The ‘Turkey’ apricot, a hand-coloured engraving after a drawing by Augusta Innes Withers (1792-1869), from the first volume of John Lindley’s Pomological Magazine (1827-1828). The Romans dubbed the apricot the “precious one.” Poets praised its beauty. The conquering Arabs took it to the Mideast, where the luxurious fruit was exploited in sugary confections.
The Royal Horticultural Society Diary/Wikimedia Commons
Four radiant, yellowish-orange apricots were depicted on each of the cellophane packages stacked on a shelf in a Middle Eastern grocery near my home. An avid fan of dried apricots, I was drawn to the sheets of dried apricot paste imported from Damascus. Amardine, as it is called, is especially beloved in the Ramadan season, when it is used to make a juice that the faithful drink to break their fast or to savor during the festive time after sundown.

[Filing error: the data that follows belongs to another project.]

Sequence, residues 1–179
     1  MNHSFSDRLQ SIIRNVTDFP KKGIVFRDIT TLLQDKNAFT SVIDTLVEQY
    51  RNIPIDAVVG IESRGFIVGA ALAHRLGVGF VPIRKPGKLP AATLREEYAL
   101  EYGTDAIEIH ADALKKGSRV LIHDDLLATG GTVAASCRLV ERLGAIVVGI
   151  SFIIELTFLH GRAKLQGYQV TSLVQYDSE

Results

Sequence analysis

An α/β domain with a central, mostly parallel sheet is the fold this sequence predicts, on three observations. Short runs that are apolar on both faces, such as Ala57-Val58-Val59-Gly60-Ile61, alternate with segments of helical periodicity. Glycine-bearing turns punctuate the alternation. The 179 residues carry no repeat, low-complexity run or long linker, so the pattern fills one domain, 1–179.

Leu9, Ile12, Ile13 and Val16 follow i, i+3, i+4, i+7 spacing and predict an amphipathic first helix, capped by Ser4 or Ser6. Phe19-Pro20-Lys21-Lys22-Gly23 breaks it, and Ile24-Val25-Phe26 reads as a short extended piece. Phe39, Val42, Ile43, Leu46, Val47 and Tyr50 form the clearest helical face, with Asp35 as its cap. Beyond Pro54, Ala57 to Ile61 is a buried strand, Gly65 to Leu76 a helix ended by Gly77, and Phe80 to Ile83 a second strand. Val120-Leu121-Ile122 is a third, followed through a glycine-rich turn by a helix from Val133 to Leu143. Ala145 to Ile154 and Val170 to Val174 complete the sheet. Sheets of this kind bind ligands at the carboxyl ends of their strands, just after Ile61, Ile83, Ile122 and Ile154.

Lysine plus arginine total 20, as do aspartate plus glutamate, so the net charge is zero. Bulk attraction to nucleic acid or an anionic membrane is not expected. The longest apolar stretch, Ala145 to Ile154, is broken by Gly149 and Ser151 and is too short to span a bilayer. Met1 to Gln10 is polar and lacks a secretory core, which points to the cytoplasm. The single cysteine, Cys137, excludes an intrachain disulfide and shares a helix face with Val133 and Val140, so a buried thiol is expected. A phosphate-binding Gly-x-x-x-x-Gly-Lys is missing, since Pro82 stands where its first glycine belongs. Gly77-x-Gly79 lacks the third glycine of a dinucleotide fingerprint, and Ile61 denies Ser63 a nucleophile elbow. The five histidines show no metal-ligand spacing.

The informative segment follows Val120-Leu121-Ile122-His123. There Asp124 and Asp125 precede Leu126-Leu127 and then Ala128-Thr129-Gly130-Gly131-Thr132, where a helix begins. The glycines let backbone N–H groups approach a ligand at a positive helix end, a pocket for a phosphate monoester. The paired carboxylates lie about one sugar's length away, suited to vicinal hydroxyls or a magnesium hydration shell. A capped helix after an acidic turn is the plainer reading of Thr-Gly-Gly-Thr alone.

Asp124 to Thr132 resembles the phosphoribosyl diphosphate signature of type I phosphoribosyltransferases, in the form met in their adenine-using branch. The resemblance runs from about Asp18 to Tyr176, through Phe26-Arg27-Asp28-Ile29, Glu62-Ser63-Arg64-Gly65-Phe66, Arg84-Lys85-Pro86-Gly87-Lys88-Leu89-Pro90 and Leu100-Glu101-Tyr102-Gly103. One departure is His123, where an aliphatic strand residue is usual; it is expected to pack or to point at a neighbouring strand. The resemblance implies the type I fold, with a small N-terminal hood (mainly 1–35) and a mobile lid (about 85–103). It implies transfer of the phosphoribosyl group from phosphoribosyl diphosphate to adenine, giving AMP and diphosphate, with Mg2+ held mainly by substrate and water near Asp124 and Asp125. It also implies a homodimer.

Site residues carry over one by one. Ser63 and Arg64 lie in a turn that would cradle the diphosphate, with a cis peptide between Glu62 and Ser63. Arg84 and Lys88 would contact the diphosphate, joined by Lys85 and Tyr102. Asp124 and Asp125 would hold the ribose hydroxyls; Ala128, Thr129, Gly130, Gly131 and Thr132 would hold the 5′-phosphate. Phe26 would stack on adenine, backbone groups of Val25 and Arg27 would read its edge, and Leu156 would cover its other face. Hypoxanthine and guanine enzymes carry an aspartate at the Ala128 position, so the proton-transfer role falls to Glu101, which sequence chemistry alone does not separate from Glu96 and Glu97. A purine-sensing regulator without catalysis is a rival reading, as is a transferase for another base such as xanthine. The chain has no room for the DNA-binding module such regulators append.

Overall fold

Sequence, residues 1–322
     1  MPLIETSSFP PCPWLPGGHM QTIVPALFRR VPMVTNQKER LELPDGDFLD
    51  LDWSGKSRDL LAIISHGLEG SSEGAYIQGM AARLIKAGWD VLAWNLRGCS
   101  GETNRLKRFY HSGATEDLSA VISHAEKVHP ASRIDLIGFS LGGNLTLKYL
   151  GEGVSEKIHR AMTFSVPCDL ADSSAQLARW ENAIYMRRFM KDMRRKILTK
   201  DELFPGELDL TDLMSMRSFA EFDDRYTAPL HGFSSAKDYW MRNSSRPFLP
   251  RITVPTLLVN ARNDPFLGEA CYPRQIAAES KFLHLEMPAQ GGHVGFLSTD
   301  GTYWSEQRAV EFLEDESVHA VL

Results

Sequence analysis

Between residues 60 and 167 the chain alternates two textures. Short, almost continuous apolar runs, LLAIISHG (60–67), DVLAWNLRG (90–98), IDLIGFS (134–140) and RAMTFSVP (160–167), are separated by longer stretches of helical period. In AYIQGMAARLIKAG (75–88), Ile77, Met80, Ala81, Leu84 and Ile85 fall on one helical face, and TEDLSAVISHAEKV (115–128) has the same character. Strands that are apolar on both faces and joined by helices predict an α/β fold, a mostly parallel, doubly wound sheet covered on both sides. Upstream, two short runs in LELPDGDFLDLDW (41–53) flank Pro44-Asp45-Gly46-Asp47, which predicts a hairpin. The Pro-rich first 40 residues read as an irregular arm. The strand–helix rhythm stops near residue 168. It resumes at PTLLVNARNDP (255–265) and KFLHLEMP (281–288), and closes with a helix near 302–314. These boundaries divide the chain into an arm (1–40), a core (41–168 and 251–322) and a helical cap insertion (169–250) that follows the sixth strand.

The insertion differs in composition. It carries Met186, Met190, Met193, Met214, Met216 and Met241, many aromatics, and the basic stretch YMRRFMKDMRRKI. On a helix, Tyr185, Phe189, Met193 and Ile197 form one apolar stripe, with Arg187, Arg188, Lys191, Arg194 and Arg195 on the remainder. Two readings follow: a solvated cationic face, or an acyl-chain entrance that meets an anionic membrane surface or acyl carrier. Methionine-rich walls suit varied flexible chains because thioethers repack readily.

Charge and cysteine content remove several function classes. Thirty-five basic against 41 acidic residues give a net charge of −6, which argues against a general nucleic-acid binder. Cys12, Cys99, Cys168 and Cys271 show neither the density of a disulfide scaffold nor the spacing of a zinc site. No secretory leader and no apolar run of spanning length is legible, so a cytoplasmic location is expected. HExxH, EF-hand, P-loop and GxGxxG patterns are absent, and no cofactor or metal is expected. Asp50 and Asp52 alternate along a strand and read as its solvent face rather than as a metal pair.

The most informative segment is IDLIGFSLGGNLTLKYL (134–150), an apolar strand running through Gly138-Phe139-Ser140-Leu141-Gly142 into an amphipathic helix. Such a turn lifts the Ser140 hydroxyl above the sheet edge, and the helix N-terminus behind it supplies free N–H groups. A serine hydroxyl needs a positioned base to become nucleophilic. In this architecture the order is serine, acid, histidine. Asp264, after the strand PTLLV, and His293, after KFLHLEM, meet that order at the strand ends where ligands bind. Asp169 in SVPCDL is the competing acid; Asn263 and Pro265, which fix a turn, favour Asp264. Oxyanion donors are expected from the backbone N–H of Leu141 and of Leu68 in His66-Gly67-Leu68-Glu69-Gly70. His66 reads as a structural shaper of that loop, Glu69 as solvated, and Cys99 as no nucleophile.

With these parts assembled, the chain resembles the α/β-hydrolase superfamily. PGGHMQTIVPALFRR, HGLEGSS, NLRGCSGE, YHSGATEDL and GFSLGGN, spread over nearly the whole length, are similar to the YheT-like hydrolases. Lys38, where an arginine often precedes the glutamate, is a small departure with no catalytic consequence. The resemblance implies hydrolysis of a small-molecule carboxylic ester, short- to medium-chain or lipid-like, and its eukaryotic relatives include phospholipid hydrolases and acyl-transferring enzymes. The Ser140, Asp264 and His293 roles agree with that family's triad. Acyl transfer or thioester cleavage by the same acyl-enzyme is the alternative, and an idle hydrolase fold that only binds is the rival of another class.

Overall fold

Translated into poetic Arabic, amardine means “moon of the faith.” It is unlike your ordinary supermarket fruit roll that some call “shoe leather.” According to Charlie Sahadi, owner of a vast Middle Eastern food emporium in Brooklyn, the Arabic delicacy has a “thickness” and “consistency” that ordinary fruit rolls lack.